Wells Fargo is Making Big Money off of Loans That Got Them in Trouble
Wells Fargo recently reported that it made a lot of money off of the same kind of loan product that in part helped decimate the economy, got the bank in legal trouble, and drove consumers into foreclosure. To understand how outrageous this is, it helps to understand the history of the “pick-a-payment” loan program.
Pick a Payment Loans
In 2010, Wells Fargo was sued by the federal and New Jersey state governments, and eventually settled, for allegedly defrauding consumers with what are called “pick-a-payment” loans (to be fair, most of these loans were made by Wachovia bank, which Wells Fargo purchased, and were not originated by Wells Fargo).
As the name implies, these are loans where the borrower has a choice of three different payment options.
The highest payment would be about what a normal mortgage payment should be. However, very few borrowers voluntarily pay the most expensive payment. Rather, many picked the lowest or least expensive payment option. However, this option resulted in negative amortization. In other words, the payment was too small to pay off the loan in 30 years; although the borrower was paying the payment dutifully every month, the balance of the loan (including interest) was going up.
As the balance owed on the loan went up, so did the payment options. As the borrower continued to pick the smallest payment, and the balance increased, the lowest payment option eventually became too expensive for the borrower to afford, leading to foreclosure.
The lawsuit alleged that it was almost always the lowest payment that was advertised, and that borrowers were not told about the ramifications of picking the smallest payment option.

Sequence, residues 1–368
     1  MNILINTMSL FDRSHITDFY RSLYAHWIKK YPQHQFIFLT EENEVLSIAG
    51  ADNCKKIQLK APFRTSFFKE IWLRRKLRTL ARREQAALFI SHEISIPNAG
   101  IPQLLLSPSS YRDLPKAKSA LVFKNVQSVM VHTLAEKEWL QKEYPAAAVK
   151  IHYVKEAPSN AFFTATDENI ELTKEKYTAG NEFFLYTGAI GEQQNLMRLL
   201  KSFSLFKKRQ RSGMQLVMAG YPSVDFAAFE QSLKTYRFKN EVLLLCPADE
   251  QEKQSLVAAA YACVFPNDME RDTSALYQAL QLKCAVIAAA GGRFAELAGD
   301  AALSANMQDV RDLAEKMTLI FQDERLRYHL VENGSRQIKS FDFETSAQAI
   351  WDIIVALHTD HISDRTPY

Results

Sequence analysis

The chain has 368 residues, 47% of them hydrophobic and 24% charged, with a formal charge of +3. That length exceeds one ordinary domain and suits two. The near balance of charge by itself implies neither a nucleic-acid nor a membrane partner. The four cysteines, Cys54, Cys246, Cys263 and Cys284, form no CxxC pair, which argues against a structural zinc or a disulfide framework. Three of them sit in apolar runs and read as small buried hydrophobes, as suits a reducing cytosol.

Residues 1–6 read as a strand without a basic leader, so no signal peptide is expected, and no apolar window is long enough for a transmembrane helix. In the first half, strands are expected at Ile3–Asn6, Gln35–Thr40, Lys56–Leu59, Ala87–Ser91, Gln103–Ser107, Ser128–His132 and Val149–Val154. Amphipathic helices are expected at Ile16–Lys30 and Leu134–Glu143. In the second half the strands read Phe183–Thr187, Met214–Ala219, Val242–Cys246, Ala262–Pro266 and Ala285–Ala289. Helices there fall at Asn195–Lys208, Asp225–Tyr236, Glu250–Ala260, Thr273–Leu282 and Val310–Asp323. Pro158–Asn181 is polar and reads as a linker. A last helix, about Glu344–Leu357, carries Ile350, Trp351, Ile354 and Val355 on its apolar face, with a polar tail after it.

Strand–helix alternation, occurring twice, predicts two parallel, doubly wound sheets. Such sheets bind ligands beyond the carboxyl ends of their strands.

As a result of the 2010 settlement, Wells Fargo agreed that it would actively solicit and help borrowers get into loan modification programs, and in some cases it would write down principle. Wells Fargo also agreed to waive other fees, like modification fees or prepayment penalties.
In 2015, just 5 years after the settlement agreement, consumer lawyers argued that Wells Fargo had failed to honor the assurances in the 2010 agreement. Lawyers for both sides appeared in federal court, where attorneys argued that Wells Fargo had not properly evaluated borrowers for loan modifications under the settlement. Lawyers said that Wells Fargo was not properly evaluating whether borrowers were at risk of default and that the bank was using improper or inaccurate methods to determine whether homeowners were having financial hardship.
The court agreed with consumer lawyers that Wells Fargo’s standards for evaluation were “evolving” and “ill-defined.”
Loans Continue to be Sold
It has now been reported that despite all of these shenanigans, Wells Fargo is still profiting from these pick-a-payment loans. The bank recently reported that they sold $1.9 billion in pick-a-payment loans last quarter, earning it a “huge profit.”
Contact Jacobs Legal to speak with one of our Miami consumer rights attorneys today if you need help with a defaulted home loan.